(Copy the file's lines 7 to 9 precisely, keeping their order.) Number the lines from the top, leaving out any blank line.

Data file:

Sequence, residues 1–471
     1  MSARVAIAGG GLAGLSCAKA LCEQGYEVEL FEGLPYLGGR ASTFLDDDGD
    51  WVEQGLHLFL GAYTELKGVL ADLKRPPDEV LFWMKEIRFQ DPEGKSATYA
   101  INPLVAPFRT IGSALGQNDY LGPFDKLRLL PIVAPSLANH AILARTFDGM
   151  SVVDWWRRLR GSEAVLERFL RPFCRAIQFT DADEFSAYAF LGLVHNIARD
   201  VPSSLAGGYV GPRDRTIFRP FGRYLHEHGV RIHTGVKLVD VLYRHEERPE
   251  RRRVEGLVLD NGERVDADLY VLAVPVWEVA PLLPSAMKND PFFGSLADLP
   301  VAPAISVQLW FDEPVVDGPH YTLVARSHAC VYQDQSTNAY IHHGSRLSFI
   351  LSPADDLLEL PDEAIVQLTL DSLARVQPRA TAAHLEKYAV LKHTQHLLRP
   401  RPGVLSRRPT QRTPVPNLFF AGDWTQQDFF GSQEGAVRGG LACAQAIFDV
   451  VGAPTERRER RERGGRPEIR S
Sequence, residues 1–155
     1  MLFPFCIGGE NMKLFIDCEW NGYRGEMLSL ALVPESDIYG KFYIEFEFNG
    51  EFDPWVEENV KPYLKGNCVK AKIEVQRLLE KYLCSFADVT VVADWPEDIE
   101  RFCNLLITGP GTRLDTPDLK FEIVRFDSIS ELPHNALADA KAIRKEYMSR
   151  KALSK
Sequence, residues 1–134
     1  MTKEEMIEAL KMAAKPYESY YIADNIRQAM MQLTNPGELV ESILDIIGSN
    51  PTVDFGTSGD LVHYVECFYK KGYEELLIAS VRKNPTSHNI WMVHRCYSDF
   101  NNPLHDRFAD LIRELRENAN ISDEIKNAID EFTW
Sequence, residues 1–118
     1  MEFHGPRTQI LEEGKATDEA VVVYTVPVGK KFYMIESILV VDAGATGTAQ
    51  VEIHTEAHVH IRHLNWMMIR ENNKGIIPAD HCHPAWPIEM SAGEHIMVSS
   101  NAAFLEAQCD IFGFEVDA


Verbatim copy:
   251  RRRVEGLVLD NGERVDADLY VLAVPVWEVA PLLPSAMKND PFFGSLADLP
   301  VAPAISVQLW FDEPVVDGPH YTLVARSHAC VYQDQSTNAY IHHGSRLSFI
   351  LSPADDLLEL PDEAIVQLTL DSLARVQPRA TAAHLEKYAV LKHTQHLLRP